Gamers with larger hands often have trouble finding a gaming mouse that fits their needs, and it can be a challenge to hold most gaming mice with a palm grip. Most mouse bodies are simply too small to fit comfortably in our hands, so we’re left having to awkwardly make tiny, precise movements on a device that’s smaller than our index fingers.

Thankfully, Corsair has taken pity on us big-handed folk and created the Ironclaw RGB. It’s a gaming mouse specifically designed for palm-grip users with big hands, with essential gaming components like a PixArt sensor, 1000 Hz polling, and Omron switches rated for 50 million clicks.

The Corsair Ironclaw is available for $49.99 on Newegg, GameCrate’s parent site.  

Design and Comfort

I’ve said it a ton already, but it bears repeating – the Ironclaw is a big mouse. At 5.12 x 3.15 x 1.77 inches, the Ironclaw is practically gigantic, and certainly one of the biggest mice I’ve ever used. It weighs in at 105 grams – an average weight for a mouse, but it feels much lighter, most likely due to the all-plastic frame and the distribution of the weight across the large body.

All of this makes the Ironclaw an extremely comfortable mouse. The bell-shaped curve on the body gives the Ironclaw a chunky, hefty feel in your hands, while still being light and responsive to move around. The left and right mouse buttons have a concave groove in them, perfect for securing your fingers in place and giving the Ironclaw a big, roomy feel.

The side of the Ironclaw is made of textured rubber, giving your thumb something to latch on to. However, when resting my hand naturally, the tip of my thumb goes past the rubber and lands awkwardly near the DPI indicator. This causes the edge of the textured rubber to grate into my thumb. To prevent this, I had to stop and mentally re-adjust my grip each time I used the Ironclaw, which took some getting used to. It’s one of the only design flaws I encountered while using the Ironclaw.

The Ironclaw has two RGB lighting zones – the Corsair logo on the bottom of the mouse, and the scroll wheel. Unfortunately, the left and right mouse buttons obscure the scroll wheel’s lighting, and the Corsair logo is completely covered up when you’re using the mouse. The lights themselves are pretty enough – I would have just liked to see more of them.

Performance and Features

The Ironclaw has a custom PixArt PMW3391 sensor. It’s super smooth, and I never noticed any input lag when gaming or doing day-to-day tasks. The Omron switches are easy and deeply satisfying to click, and are rated for 50 million clicks, ensuring the mouse will hold up for years to come.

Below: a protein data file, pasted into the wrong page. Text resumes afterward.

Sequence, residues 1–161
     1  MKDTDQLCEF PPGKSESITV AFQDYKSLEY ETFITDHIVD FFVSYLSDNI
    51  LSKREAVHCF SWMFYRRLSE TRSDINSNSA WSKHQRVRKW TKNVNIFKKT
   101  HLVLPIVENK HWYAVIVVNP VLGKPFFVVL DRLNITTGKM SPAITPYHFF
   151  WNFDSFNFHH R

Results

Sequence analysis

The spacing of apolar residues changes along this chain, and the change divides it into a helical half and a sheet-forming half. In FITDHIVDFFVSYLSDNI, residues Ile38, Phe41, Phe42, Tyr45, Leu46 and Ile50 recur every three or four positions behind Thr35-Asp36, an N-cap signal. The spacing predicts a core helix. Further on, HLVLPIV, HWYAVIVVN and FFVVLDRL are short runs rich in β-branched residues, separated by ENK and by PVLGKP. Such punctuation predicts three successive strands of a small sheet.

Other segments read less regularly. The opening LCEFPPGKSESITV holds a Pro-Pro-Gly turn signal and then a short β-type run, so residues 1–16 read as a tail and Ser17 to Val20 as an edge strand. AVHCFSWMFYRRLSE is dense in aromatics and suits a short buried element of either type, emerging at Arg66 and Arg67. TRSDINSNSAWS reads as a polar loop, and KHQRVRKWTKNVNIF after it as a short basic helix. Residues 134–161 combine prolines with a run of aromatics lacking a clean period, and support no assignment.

One of the best features of the Ironclaw is the DPI indicator on the left side of the mouse. This lets you quickly know what DPI setting you’re on, without having to dig through menus or memorize some totally un-intuitive color scheme, as you’d have to on other mice.

The problem here is the indicator is placed right near your right thumb. This causes your thumb to partially obscure the indicator, occasionally defeating the entire purpose of its inclusion. That being said, I enjoyed being able to quickly tell my DPI settings when I sat down to play a game, or when I could catch a glimpse of it when I bent my thumb to hit the side buttons. Placement aside, the indicator is a great feature, and one I’m excited to see Corsair improve upon.

Gaming with the Ironclaw was a dream, and not just because of how comfortable it was to hold. Mouse movements were fluid and accurate, and I never felt like I was fighting with the mouse to get off a tight sniper shot in an FPS or select a group of units faster in an RTS.

It’s also the little things that make the Ironclaw such a special mouse, like the braided cable and the side buttons that feel almost as meaty and responsive as the left and right mouse buttons. The only performance issue I came across is the middle mouse wheel. It takes a bit more force to press it than you might think, which can be a problem in some games. It’s especially noticeable when compared to Ironclaw’s other mouse buttons.

The Ironclaw throne

The Corsair Ironclaw is already a great mouse, but it’s practically indispensable if you’re a palm-grip user with big hands. I can’t stress enough how wonderful it was to use a mouse that felt like it was designed for me specifically, rather than trying to struggle to adapt to some mouse that it feels like my hands dwarf in size.

If you’ve got larger than average hands and you like holding your mouse with a palm grip, I can’t think of a better mouse for you than the Ironclaw.